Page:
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V. Tamaso

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Out of My Mind
by V. Tamaso   

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Books by V. Tamaso
· The Missus
· Beyond Darkness
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Literary Fiction

Publisher:  Ginnenderra Press Type: 


Copyright:  2012 ISBN-13:  9781740277563

This is a book of ten short stories some of which have won prizes in competitions and been published in anthogies.

The old black cat had long been the resident pet when the pup arrived. She disdainfully ignored the boisterous newcomer who bounded through the rooms, skidded on the kitchen floor, knocked over lamps, pulled towels from their rails, stole people’s socks, chewed up slippers, left puddles on the floor, yapped at visitors and generally made a nuisance of himself.
The cat, however, moved elegantly aside, stealthily slipped behind curtains, wisely watched from window-sills, lazily stretched and performed her ablutions in the morning sun, daintily lapped her milk and nibbled her food, and ingratiatingly rubbed herself against people’s legs, all the while purring suggestively to demonstrate her superiority over the infantile behaviour of the pup.
But the pup wanted to be friends. Galloping up to the cat, he would prop to a halt and wait expectantly, head resting on paws, tongue lolling, bottom in air and tail wagging enthusiastically. The cat ignored him. The pup whined pathetically, yapped a couple of times and wriggled his rear end. The cat sat unmoved. She remained aloof. If the pup became too persistent, a single swift slash of an extended claw would send him yelping out the door while the cat settled herself more comfortably and wrapped her tail around her legs. This was her domain. She was not about to be ousted by any upstart pup.
The pup grew. He quietened. He learned to respond to commands such as ‘get down’, ‘shut up’ and ‘go outside’. He grinned delightedly and wagged his tail when they said ‘good dog’ but slunk away, tail between his legs, when they scolded him with ‘bad dog’.
Slowly, a subtle friendship grew; little more than a slight tolerance on the cat’s part, coupled with a healthy respect from the dog’s side. In winter, they settled themselves on the rug beside the fire and went to sleep, neither appearing to notice their closeness. Gradually, as the nights grew colder, the space between them lessened until the cat was curled up against the dog’s belly, her head resting on his paws. During the day they shared a patch of sunlight in the garden.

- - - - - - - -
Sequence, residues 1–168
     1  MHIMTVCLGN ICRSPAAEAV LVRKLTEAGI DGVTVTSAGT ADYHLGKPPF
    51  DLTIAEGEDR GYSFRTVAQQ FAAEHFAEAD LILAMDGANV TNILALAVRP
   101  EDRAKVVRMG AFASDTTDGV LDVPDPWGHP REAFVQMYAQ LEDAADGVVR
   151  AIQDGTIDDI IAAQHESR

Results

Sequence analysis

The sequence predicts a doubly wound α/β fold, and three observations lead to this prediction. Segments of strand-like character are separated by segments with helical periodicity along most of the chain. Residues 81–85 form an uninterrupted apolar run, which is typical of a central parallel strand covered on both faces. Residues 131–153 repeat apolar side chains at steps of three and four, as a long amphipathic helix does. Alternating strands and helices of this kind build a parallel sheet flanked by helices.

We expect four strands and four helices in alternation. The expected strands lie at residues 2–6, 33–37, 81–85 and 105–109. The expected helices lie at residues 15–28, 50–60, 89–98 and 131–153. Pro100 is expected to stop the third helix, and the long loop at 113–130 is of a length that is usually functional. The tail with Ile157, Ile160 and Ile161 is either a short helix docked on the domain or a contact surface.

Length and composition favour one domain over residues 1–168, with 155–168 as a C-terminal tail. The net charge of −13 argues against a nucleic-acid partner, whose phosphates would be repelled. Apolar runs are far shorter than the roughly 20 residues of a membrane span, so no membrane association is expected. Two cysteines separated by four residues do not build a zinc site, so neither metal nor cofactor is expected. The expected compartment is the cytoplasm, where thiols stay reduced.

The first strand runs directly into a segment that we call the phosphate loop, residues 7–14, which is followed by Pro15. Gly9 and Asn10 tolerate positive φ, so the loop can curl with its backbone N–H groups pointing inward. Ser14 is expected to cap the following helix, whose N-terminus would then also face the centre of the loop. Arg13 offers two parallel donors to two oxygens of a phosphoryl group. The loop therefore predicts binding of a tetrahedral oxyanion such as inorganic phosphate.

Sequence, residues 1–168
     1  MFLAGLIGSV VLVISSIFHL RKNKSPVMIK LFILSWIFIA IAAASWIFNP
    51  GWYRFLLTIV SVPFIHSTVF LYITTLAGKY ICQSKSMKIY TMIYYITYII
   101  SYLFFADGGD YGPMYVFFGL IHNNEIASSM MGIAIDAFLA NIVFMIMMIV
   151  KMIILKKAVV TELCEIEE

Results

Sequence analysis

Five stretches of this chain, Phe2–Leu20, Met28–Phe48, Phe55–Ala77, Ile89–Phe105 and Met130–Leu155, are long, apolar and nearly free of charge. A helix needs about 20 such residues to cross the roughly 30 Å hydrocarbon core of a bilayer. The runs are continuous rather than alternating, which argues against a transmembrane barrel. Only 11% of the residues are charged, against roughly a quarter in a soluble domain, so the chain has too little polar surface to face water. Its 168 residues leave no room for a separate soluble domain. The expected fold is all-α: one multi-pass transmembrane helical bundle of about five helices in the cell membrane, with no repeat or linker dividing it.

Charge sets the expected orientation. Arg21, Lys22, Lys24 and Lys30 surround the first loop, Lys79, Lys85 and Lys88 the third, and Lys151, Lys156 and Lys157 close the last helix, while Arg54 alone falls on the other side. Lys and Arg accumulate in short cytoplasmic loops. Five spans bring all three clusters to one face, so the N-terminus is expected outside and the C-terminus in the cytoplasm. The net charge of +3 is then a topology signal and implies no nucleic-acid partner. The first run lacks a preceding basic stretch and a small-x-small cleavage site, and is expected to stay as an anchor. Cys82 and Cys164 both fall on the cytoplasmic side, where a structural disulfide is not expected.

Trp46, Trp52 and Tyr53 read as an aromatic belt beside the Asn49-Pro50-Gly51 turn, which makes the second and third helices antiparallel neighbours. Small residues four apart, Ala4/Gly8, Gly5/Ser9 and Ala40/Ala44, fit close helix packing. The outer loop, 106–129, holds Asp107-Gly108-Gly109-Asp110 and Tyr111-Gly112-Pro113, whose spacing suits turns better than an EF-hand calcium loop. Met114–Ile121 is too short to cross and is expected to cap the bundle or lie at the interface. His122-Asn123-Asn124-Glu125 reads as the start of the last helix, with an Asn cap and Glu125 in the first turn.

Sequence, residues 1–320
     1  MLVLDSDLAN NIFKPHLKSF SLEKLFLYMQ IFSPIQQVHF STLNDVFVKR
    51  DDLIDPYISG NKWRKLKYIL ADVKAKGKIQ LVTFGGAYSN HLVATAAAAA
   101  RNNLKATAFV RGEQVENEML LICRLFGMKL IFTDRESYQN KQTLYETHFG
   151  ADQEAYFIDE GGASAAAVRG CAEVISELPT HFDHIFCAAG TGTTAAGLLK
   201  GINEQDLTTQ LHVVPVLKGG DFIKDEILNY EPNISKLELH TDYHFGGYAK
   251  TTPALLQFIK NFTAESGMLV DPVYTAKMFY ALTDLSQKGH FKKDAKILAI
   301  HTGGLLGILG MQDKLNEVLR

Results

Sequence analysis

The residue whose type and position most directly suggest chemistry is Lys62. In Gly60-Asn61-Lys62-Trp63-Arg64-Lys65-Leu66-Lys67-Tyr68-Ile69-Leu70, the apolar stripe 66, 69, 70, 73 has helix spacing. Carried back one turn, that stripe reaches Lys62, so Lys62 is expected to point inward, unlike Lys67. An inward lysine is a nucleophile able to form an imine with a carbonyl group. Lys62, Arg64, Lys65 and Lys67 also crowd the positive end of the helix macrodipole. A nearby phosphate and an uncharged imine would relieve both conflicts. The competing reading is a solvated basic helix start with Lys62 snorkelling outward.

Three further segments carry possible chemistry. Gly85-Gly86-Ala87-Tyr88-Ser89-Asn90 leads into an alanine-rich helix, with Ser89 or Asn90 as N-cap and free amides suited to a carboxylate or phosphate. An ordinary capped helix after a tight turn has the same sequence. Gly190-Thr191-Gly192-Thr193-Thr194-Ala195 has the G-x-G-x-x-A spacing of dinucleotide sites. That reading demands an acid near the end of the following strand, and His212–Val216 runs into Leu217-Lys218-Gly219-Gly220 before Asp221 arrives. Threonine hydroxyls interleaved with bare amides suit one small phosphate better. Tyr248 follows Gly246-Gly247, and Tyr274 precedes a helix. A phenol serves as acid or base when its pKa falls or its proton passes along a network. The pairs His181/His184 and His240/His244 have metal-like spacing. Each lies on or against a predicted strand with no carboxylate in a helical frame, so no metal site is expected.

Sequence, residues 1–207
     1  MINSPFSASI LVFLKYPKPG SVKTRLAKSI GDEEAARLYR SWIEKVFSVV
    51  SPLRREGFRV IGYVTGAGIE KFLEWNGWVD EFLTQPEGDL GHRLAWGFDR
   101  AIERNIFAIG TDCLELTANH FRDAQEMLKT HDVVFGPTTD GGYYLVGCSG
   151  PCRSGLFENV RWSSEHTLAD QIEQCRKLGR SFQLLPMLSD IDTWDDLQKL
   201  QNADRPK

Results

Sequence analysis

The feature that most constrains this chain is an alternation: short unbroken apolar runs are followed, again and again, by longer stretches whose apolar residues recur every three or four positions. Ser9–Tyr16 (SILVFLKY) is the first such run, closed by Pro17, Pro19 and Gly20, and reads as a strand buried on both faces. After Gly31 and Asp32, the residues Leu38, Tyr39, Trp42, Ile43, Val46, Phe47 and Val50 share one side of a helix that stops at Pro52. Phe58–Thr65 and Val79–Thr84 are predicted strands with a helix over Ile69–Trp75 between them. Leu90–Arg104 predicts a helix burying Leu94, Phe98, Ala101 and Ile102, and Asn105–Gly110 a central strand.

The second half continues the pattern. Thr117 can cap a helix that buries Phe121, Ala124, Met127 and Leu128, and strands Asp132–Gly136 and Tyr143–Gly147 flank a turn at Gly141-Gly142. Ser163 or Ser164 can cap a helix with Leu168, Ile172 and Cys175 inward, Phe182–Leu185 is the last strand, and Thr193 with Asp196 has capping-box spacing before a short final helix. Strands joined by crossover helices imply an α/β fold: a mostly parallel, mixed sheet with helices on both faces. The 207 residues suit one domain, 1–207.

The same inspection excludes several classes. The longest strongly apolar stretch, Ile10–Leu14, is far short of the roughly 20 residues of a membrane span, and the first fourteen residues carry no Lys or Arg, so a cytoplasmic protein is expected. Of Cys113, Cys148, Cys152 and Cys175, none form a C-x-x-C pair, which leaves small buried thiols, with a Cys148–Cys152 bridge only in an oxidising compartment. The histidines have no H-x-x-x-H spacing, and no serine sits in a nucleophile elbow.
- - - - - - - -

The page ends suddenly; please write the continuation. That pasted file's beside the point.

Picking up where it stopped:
The cat was ageing now. Her hearing was less keen, vision blurred and movements slow and painful. Yet she retained her dignity even as she allowed the dog to nibble away her fleas and lick the top of her head. Only very occasionally would she reward him with a throaty purr, a soft mewing sound or a sliding of her body against his legs.
The dog was taken for walks with people. He chased balls or sticks, endlessly returning them, tail wagging, mouth grinning and eyes pleading for them to be thrown yet again. He was taken to the river and allowed to swim, frolicking with his people and letting the children hold onto his tail or ride astride his back. Emerging from the water, dripping wet, he would vigorously shake himself showering everybody with a flying water spray.
With maturity, the dog took on a responsible role, guarding the house, refusing to allow strangers through the gate but greeting known visitors with yelps of delight and bounding energy. Also, he watched the old cat very protectively. He guarded her from stray cats which came into the yard to steal her food or milk. He chased away some little boys who were poking sticks at her through the fence. Once, he even killed a mouse for her, carried it fussily by the tail, obviously loathing its smell, and dropped it in front of her. The cat was not amused. She sniffed at the offering and removed herself to a shady spot at the other end of the garden, the sun now being too warm for her.
One day the cat was missing. The dog searched the house and garden while the people called her incessantly, opening cupboard doors and shining torches underneath beds.
All to no avail. The cat was nowhere to be found. The people accepted the inevitable. She must have gone away to die.
The dog did not know about death. He continued to search for his friend, wandering around sniffing at her favourite chair, the beds, the back door mat, her food and drink bowls and her special places in the garden. He whined, hung his tail and looked sorrowfully at his people for comfort.
‘Poor old boy,’ one of them said. ‘Never mind. We’ll get you a kitten.’

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